Almost 60% of early retirements due to uncontrollable circumstances

Written by Oliver Wade
26/11/2018

Nearly six in 10 retirees aged between 50-65 were forced to quit work rather than choosing to leave because they did not need the income, according to new research from Just Group.

Of those forced into early retirement, 25 per cent cited illness as the reason, 21 per cent were made redundant and 10 per cent had to become a carer for a family member.

This compares to just three in 10 that chose to leave due to financial reasons, with only 26 per cent of those retiring early saying that they had enough savings to retire on.

An additional 2 per cent said that they could rely on a partner and 2 per cent could rely on an inheritance.

Just Group group communications director, Stephen Lowe commented: “Our research shows that the early retirement dream is more likely to be drama.

“With many people’s health and professional career becoming more uncertain beyond the age of 55 it is important that they have planned for all eventualities, including that of being forced out of the workplace.”

Just Group’s survey suggests that the situation is worse for women, as 62 per cent were forced into an early retirement and only 20 per cent chose to leave due to sufficient savings.

Furthermore, women were around a third more likely than men to leave work due to illness and were twice as likely to leave to care for a family member.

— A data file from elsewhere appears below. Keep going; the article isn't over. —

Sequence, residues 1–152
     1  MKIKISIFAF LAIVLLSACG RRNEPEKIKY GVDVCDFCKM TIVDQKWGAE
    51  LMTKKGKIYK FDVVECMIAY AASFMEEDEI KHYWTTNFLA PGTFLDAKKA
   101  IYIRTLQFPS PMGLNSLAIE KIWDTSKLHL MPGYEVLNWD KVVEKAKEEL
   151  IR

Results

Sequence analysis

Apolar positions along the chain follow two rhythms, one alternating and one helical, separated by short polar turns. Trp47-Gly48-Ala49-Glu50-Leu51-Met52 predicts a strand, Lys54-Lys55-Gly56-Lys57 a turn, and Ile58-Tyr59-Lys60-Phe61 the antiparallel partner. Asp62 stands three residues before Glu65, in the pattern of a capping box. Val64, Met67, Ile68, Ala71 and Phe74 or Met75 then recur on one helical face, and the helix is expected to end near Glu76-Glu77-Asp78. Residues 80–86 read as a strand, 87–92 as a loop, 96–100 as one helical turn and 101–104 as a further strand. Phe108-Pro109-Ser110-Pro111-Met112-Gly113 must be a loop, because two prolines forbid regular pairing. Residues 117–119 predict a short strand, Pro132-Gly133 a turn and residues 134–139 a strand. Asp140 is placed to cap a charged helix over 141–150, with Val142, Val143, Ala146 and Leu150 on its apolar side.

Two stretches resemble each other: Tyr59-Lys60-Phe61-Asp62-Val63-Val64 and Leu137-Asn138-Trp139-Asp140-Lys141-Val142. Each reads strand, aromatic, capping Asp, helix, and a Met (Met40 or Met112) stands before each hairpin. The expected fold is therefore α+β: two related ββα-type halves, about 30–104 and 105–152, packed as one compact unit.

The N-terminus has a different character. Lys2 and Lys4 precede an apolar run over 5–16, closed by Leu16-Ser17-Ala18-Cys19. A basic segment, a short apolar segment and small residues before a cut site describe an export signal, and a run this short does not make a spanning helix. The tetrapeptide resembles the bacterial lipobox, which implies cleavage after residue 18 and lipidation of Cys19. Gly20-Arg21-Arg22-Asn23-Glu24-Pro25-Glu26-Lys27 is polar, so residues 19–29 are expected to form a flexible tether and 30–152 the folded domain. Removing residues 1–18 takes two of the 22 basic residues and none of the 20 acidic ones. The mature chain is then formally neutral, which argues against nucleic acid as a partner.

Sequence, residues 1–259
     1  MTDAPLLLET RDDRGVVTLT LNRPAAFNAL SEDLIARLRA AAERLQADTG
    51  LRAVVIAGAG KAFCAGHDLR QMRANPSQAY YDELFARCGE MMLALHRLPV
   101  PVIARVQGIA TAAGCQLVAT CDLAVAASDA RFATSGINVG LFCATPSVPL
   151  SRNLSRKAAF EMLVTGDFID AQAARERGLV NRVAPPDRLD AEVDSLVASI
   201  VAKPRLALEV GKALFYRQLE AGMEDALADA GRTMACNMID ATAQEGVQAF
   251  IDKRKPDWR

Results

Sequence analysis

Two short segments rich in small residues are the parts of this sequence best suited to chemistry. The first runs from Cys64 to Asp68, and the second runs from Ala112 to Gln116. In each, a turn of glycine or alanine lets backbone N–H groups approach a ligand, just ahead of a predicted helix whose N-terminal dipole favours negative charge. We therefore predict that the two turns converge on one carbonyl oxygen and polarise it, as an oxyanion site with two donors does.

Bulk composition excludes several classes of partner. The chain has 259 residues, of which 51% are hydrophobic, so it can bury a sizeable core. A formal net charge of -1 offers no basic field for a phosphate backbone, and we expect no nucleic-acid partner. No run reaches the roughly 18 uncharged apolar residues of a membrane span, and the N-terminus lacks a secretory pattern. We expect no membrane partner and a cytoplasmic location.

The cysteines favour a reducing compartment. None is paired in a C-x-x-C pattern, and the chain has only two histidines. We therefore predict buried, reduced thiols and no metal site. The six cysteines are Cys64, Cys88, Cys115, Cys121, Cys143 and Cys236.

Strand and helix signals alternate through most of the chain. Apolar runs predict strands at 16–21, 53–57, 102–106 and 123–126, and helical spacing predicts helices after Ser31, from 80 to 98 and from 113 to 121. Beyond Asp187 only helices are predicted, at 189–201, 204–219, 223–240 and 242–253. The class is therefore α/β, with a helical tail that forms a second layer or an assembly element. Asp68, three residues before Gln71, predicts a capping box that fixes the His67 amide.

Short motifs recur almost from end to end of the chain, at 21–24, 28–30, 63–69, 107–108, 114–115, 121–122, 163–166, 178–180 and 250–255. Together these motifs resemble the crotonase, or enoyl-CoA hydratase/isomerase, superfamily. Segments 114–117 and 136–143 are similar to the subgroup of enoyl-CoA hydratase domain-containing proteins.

Over a third (32 per cent) of those surveyed who were forced to retire aged between 50-65 said that the main impact was a lower retirement income than they had planned for.

Around 9 per cent stated that it had stopped them doing what they wanted and 7 per cent said it affected their mental health, while just under half said that it had no effect.

Around 40 per cent of those surveyed responded that they had retired earlier than expected, while 16 per cent said that they retired later than expected.

Lowe concluded: “Pension flexibility is important because it is clear that significant numbers of people end up retiring earlier or later than they perhaps were planning.

“Early access to pension cash can be useful but people need to think very carefully about whether that leaves enough to provide sufficient income for their needs in retirement.”

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